• Meg Handley

The Ballad of Songbirds and Snakes Review

Updated: Jan 20

The Ballad of Songbirds and Snakes

Suzanne Collins

3/5 

Date Finished: May 23, 2020

Read Time: 4 Days


Thank you again for returning to Nerfie Notes! I get pretty detailed in my thoughts for this book, but if you’d like the gist, there is a TL;DR halfway that sums it up. If you have thoughts on The Ballad of Songbirds and Snakes, please use the comment function at the bottom or send me a submission so we can talk about it. As always, check out my Goodreads using the social link on the top bar to see what I’m reading and what will likely be the next review! :)



A prologue, if you will. While reading this book, the only thing I could hear was the song “Prey” by The Neighbourhood. I’m linking it on the album cover, and if you’ve read the book, are in the middle of it, etc., definitely consider how this one relates. Too much of a stretch? I can’t help but feel like this has to go on the soundtrack for the movie. Click on the image of the cover to hear the song.




SPOILER FREE REVIEW STARTS HERE:

I have just put down this book, and my initial gut reaction is still a mix of feelings. 

I don’t even know how to begin this review. My feelings changed intensely with every chapter of reading this book, only to finally turn toward some sustained positivity in Act 3. I almost wish I had the patience to read it again and really hone in on the underlying metaphors I didn’t notice until somewhere past the page 300 mark. Before that point I had just been frustrated.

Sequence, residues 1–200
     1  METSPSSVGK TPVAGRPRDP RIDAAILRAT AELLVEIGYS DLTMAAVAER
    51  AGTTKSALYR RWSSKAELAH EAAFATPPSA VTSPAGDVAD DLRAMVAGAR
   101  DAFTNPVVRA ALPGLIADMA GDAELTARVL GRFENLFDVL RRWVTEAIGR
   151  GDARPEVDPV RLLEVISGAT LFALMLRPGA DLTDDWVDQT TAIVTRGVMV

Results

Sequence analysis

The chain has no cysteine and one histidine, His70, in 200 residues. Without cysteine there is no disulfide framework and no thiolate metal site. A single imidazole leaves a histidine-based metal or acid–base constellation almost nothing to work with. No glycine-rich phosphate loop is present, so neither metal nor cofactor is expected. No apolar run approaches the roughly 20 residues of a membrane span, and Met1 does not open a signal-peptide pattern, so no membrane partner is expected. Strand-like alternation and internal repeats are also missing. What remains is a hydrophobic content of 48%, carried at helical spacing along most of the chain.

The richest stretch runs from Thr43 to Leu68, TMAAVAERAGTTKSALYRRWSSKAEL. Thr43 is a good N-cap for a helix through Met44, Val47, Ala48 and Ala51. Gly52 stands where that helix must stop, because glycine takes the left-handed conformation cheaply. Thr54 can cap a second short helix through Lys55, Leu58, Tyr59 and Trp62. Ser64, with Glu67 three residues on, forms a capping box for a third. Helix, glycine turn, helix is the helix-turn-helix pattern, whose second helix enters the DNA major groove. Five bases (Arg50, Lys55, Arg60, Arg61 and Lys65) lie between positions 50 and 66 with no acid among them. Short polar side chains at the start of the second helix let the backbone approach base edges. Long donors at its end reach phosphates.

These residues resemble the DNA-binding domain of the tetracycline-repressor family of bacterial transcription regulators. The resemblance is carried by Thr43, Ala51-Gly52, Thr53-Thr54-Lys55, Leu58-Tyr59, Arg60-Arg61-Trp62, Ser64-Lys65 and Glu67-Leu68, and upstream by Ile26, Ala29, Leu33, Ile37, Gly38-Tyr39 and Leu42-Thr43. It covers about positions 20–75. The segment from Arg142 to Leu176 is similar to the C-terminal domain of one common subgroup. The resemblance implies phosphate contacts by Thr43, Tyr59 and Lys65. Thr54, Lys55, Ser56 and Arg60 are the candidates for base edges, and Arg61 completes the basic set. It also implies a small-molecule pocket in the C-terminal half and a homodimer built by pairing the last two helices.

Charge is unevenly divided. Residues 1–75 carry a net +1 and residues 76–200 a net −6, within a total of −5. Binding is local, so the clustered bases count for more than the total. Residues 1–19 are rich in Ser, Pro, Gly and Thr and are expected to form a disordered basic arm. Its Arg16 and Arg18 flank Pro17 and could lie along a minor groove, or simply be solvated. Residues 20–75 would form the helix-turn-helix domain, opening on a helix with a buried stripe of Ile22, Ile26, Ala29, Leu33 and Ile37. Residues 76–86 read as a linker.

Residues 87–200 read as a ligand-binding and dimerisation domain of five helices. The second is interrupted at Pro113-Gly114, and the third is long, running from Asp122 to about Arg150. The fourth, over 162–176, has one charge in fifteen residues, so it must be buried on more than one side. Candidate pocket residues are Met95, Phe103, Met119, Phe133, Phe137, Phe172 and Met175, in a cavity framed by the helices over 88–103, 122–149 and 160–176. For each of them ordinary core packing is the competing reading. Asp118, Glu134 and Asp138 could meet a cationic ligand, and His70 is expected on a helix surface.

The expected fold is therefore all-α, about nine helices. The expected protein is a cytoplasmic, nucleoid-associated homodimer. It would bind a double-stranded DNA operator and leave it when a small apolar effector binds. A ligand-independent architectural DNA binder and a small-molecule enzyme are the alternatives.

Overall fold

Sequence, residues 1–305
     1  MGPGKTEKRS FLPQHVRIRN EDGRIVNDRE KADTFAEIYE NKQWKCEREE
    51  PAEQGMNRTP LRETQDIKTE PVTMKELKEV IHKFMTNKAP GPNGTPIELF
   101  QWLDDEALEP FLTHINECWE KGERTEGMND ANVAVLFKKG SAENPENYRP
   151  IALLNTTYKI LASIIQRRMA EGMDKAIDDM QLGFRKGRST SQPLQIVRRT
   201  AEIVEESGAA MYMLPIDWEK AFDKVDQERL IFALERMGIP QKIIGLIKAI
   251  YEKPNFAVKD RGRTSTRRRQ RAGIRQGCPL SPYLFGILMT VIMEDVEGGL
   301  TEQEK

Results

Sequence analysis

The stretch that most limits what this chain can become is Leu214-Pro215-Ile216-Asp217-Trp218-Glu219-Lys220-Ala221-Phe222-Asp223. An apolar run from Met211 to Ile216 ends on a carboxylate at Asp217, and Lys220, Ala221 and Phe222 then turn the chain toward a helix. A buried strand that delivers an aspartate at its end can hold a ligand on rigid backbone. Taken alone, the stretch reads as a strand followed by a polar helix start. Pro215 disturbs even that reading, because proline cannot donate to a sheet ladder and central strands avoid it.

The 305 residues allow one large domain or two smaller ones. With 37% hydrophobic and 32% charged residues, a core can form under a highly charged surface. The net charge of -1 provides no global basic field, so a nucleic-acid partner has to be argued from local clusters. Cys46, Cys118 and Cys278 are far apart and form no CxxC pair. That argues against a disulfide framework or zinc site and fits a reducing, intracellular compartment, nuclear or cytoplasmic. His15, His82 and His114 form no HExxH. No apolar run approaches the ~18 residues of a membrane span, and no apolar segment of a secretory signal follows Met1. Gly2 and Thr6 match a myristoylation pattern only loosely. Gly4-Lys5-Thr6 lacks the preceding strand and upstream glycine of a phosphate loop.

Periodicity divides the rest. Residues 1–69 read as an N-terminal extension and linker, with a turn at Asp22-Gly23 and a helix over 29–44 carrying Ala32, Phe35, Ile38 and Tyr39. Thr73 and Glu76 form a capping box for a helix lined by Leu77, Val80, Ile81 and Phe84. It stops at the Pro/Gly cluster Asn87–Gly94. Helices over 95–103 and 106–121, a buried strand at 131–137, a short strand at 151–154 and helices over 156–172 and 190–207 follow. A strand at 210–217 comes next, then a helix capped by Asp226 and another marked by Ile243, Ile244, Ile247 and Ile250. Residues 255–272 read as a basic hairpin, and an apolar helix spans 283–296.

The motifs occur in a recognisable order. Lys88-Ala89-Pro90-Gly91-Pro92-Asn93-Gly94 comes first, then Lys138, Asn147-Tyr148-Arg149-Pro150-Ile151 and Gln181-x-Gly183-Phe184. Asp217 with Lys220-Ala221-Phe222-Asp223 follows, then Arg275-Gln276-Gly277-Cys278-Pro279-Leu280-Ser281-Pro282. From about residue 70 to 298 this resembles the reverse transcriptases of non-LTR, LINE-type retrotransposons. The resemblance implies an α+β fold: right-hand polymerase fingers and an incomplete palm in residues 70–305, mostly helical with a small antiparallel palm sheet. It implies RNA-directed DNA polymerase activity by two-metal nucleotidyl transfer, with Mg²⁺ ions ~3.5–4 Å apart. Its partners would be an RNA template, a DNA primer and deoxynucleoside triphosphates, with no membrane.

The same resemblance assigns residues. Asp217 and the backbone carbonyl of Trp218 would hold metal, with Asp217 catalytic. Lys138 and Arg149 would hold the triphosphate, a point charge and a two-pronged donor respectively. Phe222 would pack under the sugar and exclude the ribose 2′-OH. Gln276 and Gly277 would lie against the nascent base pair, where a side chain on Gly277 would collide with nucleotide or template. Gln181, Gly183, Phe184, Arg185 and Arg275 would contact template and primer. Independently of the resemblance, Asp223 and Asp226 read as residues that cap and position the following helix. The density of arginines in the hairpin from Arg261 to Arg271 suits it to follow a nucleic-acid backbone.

I was a huge Hunger Games fan growing up, around my middle school era. Who wasn’t once the movies came out with two fabulous stars as love interests? But I’m talking about the books here. They were one of the first, if not the first YA series I tore through. Mockingjay was the first book that made me cry. I was so frustrated and upset that 12 year old Meg ran down to my Mom’s room sobbing and proceeded to draw a bright purple frown right over the page. I can’t even remember if I fully finished it until months later. I was invested, but my heart had been broken. Anyway, when I saw a new book was coming out, I preordered it immediately - even though it was about the one dystopian villain I still think about to this day. How could I possibly like him or his narration?

Spoiler alert (not really)! You can’t. 


If you aren’t familiar with the premise of The Ballad of Songbirds and Snakes, the novel focuses on President Snow circa the tenth hunger games. He’s in his teens, and he’s in the first trial run of mentors. He’s given the female tribute from District 12 and thinks he has no chance to win with her, but is determined because “Snow lands on top.”


Before going into specifics, I want to note that this is one of the only books I think may just serve better as a movie. I could really imagine it playing out on screen, and not just because of my major. Beyond that, this is one of the only books I think could have benefited from dual POV. I would have loved to hear more from Lucy.


Plot/Experience

As far as just the experience of reading the book goes, the plot is all over the place. It’s hard to tell what track the plot is taking, and I’m still not convinced it knew where it would land until the end. I’m generally interested in a story that doesn’t follow a regular plot diagram, but this wasn’t even a skewed diagram. It was just, well, it kind of felt like this: